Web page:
Over Yom Kippur, Dafna Bearson challenged us all to:
"embrace [the prophet] Isaiah's challenge to move beyond prayer and actively repair the brokenness in ourselves and the world around us; to see ourselves in each stranger and reach out to strangers and friends with compassion. So that someday soon each child will grow up in a beautiful garden." (click here for her impassioned drasha)
Dafna has embodied the Jewish response to the prophetic call through her months in a Refugee Camp in Greece this Summer, her advocacy on campus and at shul, and now, through her leadership of "Refugee Artists in Greece," a project dedicated to amplifying refugee voices through their art.
Friends, I'm asking you to do more than tearfully cheer her on. Let's invest in justice. I'm making a gift right now, which needs $4,000 to happen. Stand with Dafna. I do.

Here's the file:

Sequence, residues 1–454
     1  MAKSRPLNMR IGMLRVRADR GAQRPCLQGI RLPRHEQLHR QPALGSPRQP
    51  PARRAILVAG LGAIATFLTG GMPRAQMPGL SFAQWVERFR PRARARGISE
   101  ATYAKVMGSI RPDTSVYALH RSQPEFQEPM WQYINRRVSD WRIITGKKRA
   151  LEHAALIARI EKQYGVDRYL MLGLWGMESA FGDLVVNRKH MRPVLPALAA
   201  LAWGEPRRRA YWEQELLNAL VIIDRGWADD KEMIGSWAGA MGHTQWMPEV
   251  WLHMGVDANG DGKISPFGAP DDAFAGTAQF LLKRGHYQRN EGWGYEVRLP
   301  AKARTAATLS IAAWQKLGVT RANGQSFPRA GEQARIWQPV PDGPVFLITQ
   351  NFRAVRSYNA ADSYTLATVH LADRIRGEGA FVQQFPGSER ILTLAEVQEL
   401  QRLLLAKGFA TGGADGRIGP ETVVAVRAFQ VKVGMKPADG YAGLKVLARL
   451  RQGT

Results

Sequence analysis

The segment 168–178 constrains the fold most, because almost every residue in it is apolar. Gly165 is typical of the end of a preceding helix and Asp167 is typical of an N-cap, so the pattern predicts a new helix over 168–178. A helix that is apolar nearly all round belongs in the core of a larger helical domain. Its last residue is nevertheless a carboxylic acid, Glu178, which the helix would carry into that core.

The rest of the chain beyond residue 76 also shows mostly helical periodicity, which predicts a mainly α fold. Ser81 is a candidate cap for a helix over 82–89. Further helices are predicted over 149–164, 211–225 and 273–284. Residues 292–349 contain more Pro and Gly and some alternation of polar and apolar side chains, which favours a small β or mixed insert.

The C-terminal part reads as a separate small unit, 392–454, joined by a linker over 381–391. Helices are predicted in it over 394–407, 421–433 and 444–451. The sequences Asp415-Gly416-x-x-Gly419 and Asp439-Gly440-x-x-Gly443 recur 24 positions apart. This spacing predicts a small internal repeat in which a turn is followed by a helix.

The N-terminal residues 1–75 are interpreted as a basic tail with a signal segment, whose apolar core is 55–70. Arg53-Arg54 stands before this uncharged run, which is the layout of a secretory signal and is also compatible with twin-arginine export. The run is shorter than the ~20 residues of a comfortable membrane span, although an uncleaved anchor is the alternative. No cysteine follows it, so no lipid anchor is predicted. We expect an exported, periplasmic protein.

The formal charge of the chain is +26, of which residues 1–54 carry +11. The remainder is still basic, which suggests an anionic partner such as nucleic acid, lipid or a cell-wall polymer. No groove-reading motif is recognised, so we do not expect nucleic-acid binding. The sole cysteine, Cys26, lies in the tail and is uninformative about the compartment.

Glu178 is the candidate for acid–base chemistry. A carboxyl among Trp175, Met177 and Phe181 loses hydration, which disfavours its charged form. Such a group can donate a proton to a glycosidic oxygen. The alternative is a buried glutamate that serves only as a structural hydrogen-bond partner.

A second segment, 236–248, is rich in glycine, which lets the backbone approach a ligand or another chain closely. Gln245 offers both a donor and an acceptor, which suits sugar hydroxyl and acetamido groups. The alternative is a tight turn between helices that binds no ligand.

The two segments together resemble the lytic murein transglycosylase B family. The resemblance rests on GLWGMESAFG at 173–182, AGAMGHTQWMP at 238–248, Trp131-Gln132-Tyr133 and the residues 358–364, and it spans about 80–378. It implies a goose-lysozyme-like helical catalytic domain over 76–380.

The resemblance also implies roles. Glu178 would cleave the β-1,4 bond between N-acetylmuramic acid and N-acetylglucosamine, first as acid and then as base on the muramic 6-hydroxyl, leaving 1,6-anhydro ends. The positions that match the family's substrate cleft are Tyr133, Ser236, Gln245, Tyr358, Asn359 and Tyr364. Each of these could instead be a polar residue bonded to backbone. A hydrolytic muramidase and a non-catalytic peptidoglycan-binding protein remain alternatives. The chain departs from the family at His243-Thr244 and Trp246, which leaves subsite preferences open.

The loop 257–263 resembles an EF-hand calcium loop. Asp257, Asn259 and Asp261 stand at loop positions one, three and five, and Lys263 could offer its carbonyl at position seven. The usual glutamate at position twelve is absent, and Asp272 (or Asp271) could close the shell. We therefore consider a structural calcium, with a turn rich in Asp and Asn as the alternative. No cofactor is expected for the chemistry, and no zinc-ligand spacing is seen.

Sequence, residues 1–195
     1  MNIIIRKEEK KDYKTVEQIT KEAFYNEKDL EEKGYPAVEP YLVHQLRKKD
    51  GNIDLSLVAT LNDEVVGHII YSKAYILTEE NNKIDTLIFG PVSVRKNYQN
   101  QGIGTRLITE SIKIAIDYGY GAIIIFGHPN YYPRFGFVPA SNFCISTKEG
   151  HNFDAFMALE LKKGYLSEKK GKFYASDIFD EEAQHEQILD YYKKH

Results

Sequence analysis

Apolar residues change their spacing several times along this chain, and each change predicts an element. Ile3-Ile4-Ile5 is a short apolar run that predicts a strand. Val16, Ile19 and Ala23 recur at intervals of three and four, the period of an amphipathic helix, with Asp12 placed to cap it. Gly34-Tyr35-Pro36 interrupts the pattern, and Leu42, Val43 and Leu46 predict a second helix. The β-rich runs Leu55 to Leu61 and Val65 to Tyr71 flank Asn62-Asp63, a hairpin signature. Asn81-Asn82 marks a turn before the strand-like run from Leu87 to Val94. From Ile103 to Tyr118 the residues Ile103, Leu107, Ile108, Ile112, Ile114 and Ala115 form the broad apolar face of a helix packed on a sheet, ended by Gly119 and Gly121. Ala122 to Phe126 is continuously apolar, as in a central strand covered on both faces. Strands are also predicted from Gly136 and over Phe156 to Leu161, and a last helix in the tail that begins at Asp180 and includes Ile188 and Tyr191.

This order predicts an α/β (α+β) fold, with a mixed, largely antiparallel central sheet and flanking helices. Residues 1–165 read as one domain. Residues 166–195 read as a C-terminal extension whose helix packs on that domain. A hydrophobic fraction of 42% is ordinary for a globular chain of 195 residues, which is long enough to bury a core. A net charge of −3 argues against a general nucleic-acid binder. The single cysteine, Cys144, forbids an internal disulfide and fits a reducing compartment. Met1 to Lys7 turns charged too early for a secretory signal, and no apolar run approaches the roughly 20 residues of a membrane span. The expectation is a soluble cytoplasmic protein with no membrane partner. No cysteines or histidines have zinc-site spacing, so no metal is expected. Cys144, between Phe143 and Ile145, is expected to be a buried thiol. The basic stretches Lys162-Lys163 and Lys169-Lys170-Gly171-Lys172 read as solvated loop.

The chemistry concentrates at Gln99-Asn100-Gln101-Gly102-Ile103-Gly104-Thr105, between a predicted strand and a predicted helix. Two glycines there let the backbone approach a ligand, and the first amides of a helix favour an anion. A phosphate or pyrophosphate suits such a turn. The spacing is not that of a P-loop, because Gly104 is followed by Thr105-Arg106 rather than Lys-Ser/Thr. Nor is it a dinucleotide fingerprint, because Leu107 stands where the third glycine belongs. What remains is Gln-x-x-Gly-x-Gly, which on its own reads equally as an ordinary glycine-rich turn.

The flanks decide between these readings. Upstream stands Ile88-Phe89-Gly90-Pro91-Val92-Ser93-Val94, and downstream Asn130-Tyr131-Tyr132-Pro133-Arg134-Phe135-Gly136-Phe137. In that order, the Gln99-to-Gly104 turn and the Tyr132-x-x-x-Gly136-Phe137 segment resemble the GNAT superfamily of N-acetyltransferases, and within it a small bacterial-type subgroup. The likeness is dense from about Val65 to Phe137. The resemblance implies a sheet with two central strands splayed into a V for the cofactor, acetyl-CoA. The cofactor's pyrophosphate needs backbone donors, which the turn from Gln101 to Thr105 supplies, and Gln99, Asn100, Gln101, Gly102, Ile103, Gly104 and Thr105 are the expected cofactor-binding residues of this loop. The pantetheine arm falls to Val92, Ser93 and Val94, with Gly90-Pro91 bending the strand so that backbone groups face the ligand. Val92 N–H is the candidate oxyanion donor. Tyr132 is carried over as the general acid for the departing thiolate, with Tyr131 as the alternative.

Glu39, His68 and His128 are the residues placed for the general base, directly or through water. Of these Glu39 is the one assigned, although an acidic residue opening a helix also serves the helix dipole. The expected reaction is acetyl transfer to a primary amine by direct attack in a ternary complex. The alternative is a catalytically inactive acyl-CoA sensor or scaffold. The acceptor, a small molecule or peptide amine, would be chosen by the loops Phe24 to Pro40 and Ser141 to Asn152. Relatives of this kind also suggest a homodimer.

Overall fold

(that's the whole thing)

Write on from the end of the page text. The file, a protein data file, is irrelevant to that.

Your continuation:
Click here. Save the world by saving one life. Show our teacher that we're listening and in this together. Help Dafna help others and fulfill the Jewish moral lesson that faith is what we do with our bodies, with our means, and with our power.
Our gratitude and admiration are one thing. Our commitment is the thing that matters more. Dafna is leading us forward, and I'm hoping you'll empower her to keep doing just that. Click here to make your gift.
I had a beautiful day today. I stood with my sister, a passionate rabbi serving the U.S. Navy as a chaplain, at the World War II Memorial in Washington D.C. We remembered our grandfather of blessed memory, who fought for America and shared hard-earned wisdom with his children and grandchildren.
I looked to my right and saw the Washington Monument. Looked to my left at the Lincoln Memorial. I read quotes engraved on massive stones. And I felt, to my core, one sad feeling: too much war.
Too. Much. War.
The quotes and certain retellings of history would have me believe that we fought for pure purposes: we fought for religious freedom, we fought to end slavery, we fought for freedom for all humanity, we fought to end tyranny. But it's also true that we fought (and fight) for economic interests. It&…